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BWW Interview: Broadway Producer Van Dean Shares How to Help Newtown's 12.14 Foundation Through THE VELOCITY OF AUTUMN

BWW Interview: Broadway Producer Van Dean Shares How to Help Newtown's 12.14 Foundation Through THE VELOCITY OF AUTUMN

Following the tragic events at Sandy Hook Elementary School in 2012, the 12.14 Foundation was created with the mission of building a landmark Performing Arts Centre in Newtown, Connecticut, in memory of those lost on December 14, 2012. The foundation aims to develop a premier Academy of the Arts with help from local, national, and international collaborations. Through the collective efforts and contributions of local craftsmen and artisans, respected business professionals and corporations, and renowned designers, 12.14 will create a remembrance that expresses respect, passion, resilience and focus on a hope for the future.

Now the foundation has teamed with the Broadway production of The Velocity of Autumn to give ticket-buyers an opportunity to contribute to the special cause. By simply entering discount code 'VA1214' when purchasing tickets to the play, $10 from every ticket purchased will be donated to the 12.14 Foundation. CLICK HERE to help the cause today!

Producer of The Velocity of Autumn, Van Dean, has also worked extensively with the charity, having organized 'From Broadway With Love: A Benefit Concert For Sandy Hook' and the organization's 2013 production- Seussical. Dean took the time to chat with BroadwayWorld about the foundation's great work, future projects in Newtown, and how Broadway audiences can help. Check out the full interview below!


How did you initially become involved with the 12.14 Foundation?

I put together 'From Broadway with Love', in the aftermath of the tragedy. It was a major undertaking that we put together in about 6 weeks - we brought in about a hundred Broadway stars and an orchestra and worked with about 350 kids from the community to be a part of the concert as well. That accomplished everything we hoped and more, but once that was over, it was like, "Well, what's next?"

I encountered someone named Michael Baroody on Facebook, which is how 'From Broadway with Love' came together - we used Facebook as a means of gathering people who wanted to help. I encountered and him and found out that he was putting together the 12.14 Foundation, and he had heard about me from my work with the concert. So I arranged a meeting with him to find out what he had in mind. His initial goal was to create a performing arts center in Newtown as a living memorial to those who were lost in the tragedy.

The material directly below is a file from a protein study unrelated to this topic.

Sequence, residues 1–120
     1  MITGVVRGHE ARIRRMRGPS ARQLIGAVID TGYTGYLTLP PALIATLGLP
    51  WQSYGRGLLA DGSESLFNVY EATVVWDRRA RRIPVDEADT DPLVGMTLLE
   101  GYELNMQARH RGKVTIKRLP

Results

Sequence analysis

By the time the meeting was over, we decided the goal of the performing arts center was something we wanted to pursue, but more time-sensitive was doing stuff for the community in the meantime. It would take quite a few years to realize the end goal of the performing arts center - of course it's really just the next phase, because there's a whole slew of things that come from that. So we mutually agreed that we needed to start programming immediately to help the kids in the community. I brought Michael Unger with me to the meeting (who was the director of 'From Broadway with Love'), and we all agreed that Michael would be the ideal director for that programming.

So he's now the artistic director of the 12.14 Foundation, and in that capacity he picked the first show that we'd do with the kids, which was Seussical.

BWW Interview: Broadway Producer Van Dean Shares How to Help Newtown's 12.14 Foundation Through THE VELOCITY OF AUTUMNYes, we followed Seussical as it was happening last summer!

That was a huge success in achieving what we wanted it to. Basically there were over 100 kids involved with it. We doublecast it so that we could get more kids involved, and we also had kids apprenticing with Broadway professionals so that they could learn from those folks. It ended up being like a 6-week Broadway summer camp. One of my goals with that was to have kids of all ages working together towards a common goal that would allow them to express themselves. It was a perfect show for that. It allowed kids from 5 to 18 to work together, which to me was really important. After the tragedy, the elementary kids were with the elementary school kids. The middle school kids were with the middle school kids. The high school kids were with the high school kids. They don't get to interact much in a structured environment. It was a beautiful thing to see, even in the first rehearsals of learning music, the 17-year-olds sitting next to the 5- and 6-year-olds.